How to Redesign Your Holiday

Get together with the impacted group of people so you create a holiday everyone feels connected to and each individual feels involved in the new tradition. This can be a detailed process that involves weeks or months, or it can be a brief afternoon discussion. It also might be driven by one person’s need for a change with others going along. For those celebrating alone, I believe this is still a vital process. Why not look at how to change a holiday or time of year to reclaim it and make it something more personally enjoyable?

You might ask these questions:

Do you want to change the date?

What do you like about the holiday as you currently celebrate it?

What do you want to leave behind because it bothers you?

Are there foods that embody this holiday for you?

Are there people you wish to include or avoid?

What is sacred about the holiday and would be missing if you didn’t include it?

Can you include practices that more nearly align with your beliefs?

Do you want to research your ancestry and incorporate some related traditions?

Do you want to make your day more holy or fun?

What aspects will create the desired atmosphere and outcome?

Find the process and motivation that speaks to you and yours, then follow it and design away. If changing the name will suffice (as it did for us with ThanksGaia), then go for it. If you need a more major overhaul (as with our Solstice shift), you may have to try different things and alter bit by bit until it feels right.

Walk in the garden

I’ll leave you with my long-practiced birthday celebration practice: Celebrate the day of your birth for as many days as you are years old. This year I turned 60, that earns me 60 days of revelry. This means that I choose one small special thing each day for 60 days that makes me smile. This could be anything from a walk in my garden to a meal with friends. The key is focusing on happiness and fulfillment. Be happy!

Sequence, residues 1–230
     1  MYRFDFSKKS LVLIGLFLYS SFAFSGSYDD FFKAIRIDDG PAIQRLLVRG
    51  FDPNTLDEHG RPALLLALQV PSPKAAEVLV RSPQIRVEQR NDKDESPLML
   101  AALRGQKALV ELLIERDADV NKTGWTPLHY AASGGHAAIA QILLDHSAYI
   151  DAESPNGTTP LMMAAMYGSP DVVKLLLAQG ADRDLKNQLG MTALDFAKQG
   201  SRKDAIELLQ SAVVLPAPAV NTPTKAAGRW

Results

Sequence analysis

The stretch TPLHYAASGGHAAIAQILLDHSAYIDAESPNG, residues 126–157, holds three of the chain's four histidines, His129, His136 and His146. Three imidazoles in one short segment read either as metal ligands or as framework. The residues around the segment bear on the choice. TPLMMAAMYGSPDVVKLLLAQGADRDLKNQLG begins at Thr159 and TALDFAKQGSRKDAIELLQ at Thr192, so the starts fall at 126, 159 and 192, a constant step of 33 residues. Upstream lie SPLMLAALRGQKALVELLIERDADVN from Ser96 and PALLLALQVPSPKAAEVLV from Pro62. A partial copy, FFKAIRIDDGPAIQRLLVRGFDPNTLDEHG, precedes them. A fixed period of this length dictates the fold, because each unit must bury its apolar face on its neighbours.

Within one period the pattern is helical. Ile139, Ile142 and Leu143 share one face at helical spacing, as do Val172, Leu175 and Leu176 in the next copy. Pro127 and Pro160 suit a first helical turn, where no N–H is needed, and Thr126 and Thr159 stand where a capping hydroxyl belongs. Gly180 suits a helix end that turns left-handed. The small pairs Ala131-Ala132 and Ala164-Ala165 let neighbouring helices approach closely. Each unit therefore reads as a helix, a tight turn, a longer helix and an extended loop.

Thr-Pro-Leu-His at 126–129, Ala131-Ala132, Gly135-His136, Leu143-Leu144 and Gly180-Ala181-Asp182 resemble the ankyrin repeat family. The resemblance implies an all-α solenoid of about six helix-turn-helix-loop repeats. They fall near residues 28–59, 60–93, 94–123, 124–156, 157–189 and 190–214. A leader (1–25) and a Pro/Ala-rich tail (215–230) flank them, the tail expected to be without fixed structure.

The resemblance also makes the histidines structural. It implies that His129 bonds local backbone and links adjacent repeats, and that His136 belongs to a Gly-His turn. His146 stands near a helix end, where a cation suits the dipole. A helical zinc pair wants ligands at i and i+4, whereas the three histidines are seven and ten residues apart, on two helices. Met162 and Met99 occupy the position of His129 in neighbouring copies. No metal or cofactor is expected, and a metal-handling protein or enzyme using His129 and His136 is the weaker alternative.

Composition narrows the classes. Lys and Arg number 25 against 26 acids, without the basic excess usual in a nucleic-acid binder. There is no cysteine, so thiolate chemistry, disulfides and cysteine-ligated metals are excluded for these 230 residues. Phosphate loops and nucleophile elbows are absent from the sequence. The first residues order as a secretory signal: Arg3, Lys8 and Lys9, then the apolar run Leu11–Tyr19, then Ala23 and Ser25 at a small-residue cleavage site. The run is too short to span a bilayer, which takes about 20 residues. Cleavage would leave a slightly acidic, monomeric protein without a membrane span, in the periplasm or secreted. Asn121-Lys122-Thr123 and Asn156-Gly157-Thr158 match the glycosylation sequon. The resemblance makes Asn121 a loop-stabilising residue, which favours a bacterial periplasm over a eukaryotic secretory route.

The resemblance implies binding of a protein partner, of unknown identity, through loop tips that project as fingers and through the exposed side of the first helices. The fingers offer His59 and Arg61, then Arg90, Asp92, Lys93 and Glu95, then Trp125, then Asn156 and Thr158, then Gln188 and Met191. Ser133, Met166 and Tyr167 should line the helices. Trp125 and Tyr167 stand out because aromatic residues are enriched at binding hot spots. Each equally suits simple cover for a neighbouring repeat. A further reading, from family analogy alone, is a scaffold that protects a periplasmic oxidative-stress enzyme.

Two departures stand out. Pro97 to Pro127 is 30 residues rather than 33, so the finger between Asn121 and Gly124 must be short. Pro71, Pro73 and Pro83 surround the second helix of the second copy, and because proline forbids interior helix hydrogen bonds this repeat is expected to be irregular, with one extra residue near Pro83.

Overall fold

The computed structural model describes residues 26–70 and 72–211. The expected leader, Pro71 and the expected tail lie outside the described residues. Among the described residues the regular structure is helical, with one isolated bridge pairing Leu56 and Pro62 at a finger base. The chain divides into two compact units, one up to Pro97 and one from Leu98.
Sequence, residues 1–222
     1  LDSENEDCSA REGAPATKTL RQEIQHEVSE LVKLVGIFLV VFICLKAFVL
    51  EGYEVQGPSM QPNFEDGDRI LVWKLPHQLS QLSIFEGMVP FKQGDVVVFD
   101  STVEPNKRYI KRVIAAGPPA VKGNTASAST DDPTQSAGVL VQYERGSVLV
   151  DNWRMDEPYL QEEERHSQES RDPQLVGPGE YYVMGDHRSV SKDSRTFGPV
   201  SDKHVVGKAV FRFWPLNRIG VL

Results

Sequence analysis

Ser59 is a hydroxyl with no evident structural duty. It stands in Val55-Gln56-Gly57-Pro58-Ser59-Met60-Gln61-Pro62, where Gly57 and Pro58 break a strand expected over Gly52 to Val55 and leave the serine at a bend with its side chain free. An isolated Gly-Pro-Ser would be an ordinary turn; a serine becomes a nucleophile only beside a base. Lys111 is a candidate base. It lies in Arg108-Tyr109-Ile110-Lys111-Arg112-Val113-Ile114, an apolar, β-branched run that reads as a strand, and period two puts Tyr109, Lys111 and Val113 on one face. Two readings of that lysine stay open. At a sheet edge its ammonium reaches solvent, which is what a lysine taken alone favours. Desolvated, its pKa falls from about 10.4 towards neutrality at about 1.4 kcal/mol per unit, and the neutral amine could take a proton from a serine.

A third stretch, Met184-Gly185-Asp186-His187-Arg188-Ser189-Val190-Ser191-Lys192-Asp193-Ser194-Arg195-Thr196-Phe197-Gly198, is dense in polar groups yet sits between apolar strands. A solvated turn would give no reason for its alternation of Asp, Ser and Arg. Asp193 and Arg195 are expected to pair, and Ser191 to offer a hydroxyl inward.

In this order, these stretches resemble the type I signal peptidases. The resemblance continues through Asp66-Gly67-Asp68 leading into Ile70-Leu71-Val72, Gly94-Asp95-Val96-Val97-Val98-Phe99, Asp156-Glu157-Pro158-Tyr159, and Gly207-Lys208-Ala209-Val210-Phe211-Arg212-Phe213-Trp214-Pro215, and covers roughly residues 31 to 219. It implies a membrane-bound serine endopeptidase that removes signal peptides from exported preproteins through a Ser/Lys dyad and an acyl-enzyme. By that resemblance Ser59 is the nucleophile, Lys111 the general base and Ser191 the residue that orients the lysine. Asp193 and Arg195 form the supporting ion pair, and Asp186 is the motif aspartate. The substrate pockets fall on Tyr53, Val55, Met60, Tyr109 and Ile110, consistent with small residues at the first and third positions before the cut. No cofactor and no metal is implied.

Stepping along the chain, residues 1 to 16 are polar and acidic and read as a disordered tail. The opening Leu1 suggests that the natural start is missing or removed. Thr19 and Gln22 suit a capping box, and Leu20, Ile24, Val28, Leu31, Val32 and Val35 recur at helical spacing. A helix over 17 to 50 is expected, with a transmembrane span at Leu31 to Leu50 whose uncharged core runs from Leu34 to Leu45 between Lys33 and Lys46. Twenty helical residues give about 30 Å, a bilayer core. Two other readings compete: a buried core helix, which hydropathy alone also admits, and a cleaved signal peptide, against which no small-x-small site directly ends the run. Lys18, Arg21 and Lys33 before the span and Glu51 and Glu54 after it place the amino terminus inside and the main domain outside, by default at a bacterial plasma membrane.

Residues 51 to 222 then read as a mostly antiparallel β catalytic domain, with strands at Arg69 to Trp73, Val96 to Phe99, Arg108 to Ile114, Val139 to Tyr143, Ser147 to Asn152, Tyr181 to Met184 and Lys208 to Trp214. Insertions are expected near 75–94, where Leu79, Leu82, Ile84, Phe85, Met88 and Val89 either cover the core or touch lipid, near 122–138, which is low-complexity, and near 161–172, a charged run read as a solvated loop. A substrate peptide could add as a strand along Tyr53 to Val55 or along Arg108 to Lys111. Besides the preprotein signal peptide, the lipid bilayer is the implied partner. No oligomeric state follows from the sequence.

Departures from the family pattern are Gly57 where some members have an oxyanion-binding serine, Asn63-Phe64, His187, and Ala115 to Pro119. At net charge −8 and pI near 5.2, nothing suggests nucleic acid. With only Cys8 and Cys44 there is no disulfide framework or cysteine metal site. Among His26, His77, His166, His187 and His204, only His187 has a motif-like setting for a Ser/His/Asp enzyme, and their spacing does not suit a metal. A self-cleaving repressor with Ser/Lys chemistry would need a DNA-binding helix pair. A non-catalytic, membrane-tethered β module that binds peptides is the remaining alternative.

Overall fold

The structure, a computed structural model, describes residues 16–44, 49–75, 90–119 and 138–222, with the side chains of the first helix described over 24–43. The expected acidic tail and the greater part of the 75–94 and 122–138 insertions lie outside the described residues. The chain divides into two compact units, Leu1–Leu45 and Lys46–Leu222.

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How to Make a Christmas Holiday Wreath

wreath

Photo by Getty Images/FatCamera

For this project, you’ll need a wire wreath frame, some florists’ or paddle wire, and some pruners. You’ll also need some festive-looking plant material gathered from your garden, such as berry-bearing holly, ivy, and conifer sprigs. You may like to add a bow or ribbon as a festive finishing.

Making a Holiday Wreath Step-by-Step

• Cut your materials to size. (Make sure they’re in proportion to the wreath frame.)
• Fix the end of the florists’ wire to the wreath frame by wrapping it around the frame three or four times. Pull it tight to lock it in place.
• Choose a piece of each material for your first bundle. Position the largest pieces at the base and anything with berries toward the top.
• Place the bundle on the frame where you’ve fixed the florists’ wire. Wrap the wire around the bundle three times. Pull it tight.
• Repeat with each additional bundle until you’ve nearly filled the frame. Overlap each bundle with the next to hide the wire.
• Make a smaller bundle to finish with. Tuck this under the first bundle. Fix it in place with the florists’ wire.
• Turn the wreath over. Cut the florists’ wire and secure it into the wreath frame.

Learn more about making your own wreath in this video.